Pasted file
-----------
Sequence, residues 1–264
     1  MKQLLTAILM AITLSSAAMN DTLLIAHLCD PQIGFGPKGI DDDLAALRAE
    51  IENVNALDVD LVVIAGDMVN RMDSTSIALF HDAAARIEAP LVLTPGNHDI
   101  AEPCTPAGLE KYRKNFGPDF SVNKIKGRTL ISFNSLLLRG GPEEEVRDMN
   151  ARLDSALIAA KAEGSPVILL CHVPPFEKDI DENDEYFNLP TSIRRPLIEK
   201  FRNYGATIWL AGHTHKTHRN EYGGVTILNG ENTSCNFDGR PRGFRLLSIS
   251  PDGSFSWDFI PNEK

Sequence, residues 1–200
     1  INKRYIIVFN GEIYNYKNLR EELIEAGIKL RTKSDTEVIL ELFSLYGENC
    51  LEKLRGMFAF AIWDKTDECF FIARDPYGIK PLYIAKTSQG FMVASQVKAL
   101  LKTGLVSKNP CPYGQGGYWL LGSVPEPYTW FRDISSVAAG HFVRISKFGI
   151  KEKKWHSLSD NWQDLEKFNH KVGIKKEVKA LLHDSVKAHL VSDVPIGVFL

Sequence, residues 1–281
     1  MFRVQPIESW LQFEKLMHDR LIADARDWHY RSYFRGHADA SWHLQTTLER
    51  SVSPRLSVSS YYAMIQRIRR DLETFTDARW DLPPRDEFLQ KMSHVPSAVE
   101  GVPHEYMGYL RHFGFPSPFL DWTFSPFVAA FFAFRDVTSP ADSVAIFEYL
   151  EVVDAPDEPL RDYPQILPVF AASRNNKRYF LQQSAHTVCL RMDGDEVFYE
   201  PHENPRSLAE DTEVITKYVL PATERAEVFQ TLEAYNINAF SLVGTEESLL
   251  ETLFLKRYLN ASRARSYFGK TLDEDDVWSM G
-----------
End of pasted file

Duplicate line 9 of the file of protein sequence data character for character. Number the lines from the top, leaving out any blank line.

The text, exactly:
     1  INKRYIIVFN GEIYNYKNLR EELIEAGIKL RTKSDTEVIL ELFSLYGENC